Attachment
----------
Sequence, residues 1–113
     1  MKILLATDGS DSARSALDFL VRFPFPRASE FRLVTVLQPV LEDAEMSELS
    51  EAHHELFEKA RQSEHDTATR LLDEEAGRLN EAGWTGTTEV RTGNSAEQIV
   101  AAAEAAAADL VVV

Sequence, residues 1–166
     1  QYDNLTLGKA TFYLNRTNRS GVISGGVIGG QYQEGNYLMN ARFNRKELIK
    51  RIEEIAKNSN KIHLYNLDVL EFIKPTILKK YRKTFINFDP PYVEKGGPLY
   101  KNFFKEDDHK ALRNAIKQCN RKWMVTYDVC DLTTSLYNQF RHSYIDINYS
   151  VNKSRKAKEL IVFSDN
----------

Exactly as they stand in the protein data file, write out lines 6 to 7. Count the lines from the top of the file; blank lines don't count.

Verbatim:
     1  QYDNLTLGKA TFYLNRTNRS GVISGGVIGG QYQEGNYLMN ARFNRKELIK
    51  RIEEIAKNSN KIHLYNLDVL EFIKPTILKK YRKTFINFDP PYVEKGGPLY